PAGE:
Old406, missed your earlier post. I'm in Woodinville (border on Snohomish and King counties). I would certainly appreciate the help. I fish both weekends and early mornings during the week, weather permitting.
 
#11
Lots of good advice above, especially tip in the water and sharp hook points. Don't be afraid to speak with any other anglers for experience/advice. The learning curve does flatten out!
 

Old406Kid

Active Member
#12
Old406, missed your earlier post. I'm in Woodinville (border on Snohomish and King counties). I would certainly appreciate the help. I fish both weekends and early mornings during the week, weather permitting.
Old406, missed your earlier post. I'm in Woodinville (border on Snohomish and King counties). I would certainly appreciate the help. I fish both weekends and early mornings during the week, weather permitting.
I'm on the wrong side of the state to help but you seem like a decent guy and I hope someone on your side
raises their hand.
 

IveofIone

Active Member
#13
Most new hooks these days are sharp but they may not be "sticky" sharp. Sticky sharp means that a hook will stick against your fingernail when you touch the point against it. If it is not sticky sharp it will slide right off. Your best friend for a sharp hook is a fine diamond hone. A file is just too crude for small hooks and removes too much material and really doesn't produce a smooth sharp point. I have a set of 3 diamond hones that I bought back in the 80's and have sharpened every hook I have ever tied a fly on for all of those years. A good hone is almost a lifetime investment and carbon steel files are but a subscription.

Barb pressed down completely, not just bent over. Another thing I have done for decades is using the electronic pliers I mash the barb with Is to open the gape of the hook by at least 10%. Most folks don't do that but a lot of hooks have the barb almost facing up towards the shank and I think that causes a lot of misses.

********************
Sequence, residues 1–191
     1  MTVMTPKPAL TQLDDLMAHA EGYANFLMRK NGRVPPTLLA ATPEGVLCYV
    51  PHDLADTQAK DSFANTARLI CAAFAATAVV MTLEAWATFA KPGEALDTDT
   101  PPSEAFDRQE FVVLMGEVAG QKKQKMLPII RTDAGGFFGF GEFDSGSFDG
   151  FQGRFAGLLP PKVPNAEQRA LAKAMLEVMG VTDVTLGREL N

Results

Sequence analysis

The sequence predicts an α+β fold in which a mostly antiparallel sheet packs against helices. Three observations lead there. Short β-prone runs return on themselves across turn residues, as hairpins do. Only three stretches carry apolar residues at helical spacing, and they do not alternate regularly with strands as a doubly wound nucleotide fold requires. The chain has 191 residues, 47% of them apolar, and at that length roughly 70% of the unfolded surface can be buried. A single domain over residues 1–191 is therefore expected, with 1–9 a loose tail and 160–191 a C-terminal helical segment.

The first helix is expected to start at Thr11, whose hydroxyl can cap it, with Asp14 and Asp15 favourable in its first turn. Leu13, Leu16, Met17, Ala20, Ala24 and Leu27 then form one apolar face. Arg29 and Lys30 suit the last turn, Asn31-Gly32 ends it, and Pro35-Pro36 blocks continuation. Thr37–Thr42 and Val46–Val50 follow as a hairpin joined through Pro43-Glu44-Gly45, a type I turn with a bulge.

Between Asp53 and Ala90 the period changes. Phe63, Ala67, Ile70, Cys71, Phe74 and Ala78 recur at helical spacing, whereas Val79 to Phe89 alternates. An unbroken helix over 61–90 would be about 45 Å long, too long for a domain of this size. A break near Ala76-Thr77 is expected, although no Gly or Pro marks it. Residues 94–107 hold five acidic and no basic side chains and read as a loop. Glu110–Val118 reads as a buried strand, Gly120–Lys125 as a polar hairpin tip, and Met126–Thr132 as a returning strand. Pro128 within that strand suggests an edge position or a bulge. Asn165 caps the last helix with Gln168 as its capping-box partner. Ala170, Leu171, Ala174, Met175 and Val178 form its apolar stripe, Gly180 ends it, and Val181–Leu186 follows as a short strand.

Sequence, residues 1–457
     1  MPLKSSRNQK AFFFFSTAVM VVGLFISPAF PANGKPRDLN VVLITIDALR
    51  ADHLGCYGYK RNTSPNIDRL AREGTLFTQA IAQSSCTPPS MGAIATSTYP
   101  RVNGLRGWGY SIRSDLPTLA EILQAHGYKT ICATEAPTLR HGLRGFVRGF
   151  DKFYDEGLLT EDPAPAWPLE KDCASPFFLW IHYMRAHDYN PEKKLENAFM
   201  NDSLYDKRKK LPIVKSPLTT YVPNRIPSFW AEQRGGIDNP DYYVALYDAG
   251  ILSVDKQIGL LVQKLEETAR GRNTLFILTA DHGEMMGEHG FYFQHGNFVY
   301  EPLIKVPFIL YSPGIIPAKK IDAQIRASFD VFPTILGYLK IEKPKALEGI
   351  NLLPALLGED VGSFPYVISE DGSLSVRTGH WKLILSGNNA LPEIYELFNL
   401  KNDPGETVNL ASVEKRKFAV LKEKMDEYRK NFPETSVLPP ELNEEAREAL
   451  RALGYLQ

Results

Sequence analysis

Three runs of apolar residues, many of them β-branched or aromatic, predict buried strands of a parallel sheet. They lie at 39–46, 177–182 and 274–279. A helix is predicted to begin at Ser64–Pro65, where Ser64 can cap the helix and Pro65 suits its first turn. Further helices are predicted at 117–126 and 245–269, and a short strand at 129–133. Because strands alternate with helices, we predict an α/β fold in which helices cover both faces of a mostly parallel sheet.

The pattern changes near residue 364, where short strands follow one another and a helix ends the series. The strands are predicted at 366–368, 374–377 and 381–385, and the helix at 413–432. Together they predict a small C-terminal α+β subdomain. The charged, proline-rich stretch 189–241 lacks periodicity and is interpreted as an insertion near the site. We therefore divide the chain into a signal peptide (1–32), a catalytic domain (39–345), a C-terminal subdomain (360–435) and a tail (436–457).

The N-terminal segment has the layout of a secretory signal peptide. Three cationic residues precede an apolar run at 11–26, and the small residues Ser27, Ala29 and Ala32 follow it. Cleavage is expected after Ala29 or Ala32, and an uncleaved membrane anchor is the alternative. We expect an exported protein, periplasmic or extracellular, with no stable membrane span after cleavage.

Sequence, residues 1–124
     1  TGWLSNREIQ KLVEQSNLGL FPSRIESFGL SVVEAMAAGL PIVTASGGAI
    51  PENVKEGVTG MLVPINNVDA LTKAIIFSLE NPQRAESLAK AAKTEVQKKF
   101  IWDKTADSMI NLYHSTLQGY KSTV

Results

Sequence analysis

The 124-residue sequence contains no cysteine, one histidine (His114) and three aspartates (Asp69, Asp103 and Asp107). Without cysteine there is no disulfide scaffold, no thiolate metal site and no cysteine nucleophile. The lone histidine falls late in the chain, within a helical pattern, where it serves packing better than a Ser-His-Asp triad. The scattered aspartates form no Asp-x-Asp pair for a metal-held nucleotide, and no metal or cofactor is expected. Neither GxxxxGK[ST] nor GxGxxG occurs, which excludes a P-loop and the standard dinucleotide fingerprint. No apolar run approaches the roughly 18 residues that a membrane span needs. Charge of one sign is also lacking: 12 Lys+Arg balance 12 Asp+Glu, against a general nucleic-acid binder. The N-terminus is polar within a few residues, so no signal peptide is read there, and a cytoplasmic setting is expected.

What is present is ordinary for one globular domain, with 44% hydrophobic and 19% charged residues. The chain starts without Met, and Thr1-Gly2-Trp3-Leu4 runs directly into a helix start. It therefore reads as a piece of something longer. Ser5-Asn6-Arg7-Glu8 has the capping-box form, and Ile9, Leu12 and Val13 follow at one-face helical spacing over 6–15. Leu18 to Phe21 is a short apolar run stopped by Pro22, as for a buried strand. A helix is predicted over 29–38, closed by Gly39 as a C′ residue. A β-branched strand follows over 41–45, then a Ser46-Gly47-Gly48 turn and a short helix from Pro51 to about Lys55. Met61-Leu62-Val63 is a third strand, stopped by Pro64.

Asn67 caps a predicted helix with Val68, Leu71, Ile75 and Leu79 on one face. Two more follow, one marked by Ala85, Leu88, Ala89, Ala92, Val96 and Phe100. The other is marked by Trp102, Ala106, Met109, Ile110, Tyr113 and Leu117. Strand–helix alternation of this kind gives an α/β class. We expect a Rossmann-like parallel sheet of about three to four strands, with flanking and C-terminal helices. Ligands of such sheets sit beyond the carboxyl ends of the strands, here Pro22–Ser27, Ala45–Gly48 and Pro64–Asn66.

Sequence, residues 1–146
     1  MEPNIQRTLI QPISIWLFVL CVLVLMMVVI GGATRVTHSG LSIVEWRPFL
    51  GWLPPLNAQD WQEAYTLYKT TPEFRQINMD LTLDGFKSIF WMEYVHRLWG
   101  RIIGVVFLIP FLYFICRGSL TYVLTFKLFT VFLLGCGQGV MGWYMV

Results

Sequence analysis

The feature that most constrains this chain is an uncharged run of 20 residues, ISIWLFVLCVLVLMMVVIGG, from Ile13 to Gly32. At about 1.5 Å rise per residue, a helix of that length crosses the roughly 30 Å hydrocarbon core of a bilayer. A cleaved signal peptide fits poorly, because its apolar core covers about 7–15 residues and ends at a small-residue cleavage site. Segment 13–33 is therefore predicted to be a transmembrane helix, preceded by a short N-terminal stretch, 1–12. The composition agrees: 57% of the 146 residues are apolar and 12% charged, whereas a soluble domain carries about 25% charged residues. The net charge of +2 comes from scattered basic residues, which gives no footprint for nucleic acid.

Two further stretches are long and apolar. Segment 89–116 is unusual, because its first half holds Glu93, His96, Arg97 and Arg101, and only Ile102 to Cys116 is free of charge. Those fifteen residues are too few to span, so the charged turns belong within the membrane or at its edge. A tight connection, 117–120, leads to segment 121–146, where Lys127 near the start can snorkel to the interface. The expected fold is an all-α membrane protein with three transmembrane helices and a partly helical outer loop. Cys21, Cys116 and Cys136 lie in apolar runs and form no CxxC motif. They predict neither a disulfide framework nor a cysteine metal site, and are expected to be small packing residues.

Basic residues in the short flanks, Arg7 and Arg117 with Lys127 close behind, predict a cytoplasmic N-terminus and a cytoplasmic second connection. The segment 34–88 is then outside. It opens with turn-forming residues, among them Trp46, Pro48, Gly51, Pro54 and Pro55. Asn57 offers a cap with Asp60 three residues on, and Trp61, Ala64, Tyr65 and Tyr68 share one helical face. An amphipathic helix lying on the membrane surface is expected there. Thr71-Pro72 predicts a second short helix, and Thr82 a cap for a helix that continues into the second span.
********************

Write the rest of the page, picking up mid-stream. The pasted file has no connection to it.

A 13' leader certainly isn't required for stocker fish, for now keep the entire leader length about the same as the rod length and go to a heavier tippet, at least 4x. Rod tip always in the water and learn the slip strike and you'll be in business.

By the way, your flies are overdressed, buy a few well made flies or have someone take mercy on you and give you some. A good black or olive wooly bugger should be enough to get you going for awhile.
 
#14
Just pull some of the extra stuff from your flies with your fingers. Lot of times after several fish chew on a fly, it gets better. You might not tie them shitty looking, but they get buggier looking after a few fish! I’d say shorter leaders too.
 

Old406Kid

Active Member
#15
Most new hooks these days are sharp but they may not be "sticky" sharp. Sticky sharp means that a hook will stick against your fingernail when you touch the point against it. If it is not sticky sharp it will slide right off. Your best friend for a sharp hook is a fine diamond hone. A file is just too crude for small hooks and removes too much material and really doesn't produce a smooth sharp point. I have a set of 3 diamond hones that I bought back in the 80's and have sharpened every hook I have ever tied a fly on for all of those years. A good hone is almost a lifetime investment and carbon steel files are but a subscription.

Barb pressed down completely, not just bent over. Another thing I have done for decades is using the electronic pliers I mash the barb with Is to open the gape of the hook by at least 10%. Most folks don't do that but a lot of hooks have the barb almost facing up towards the shank and I think that causes a lot of misses.
Sure, now you tell me!!!
It's no wonder you're always kicking my butt.;)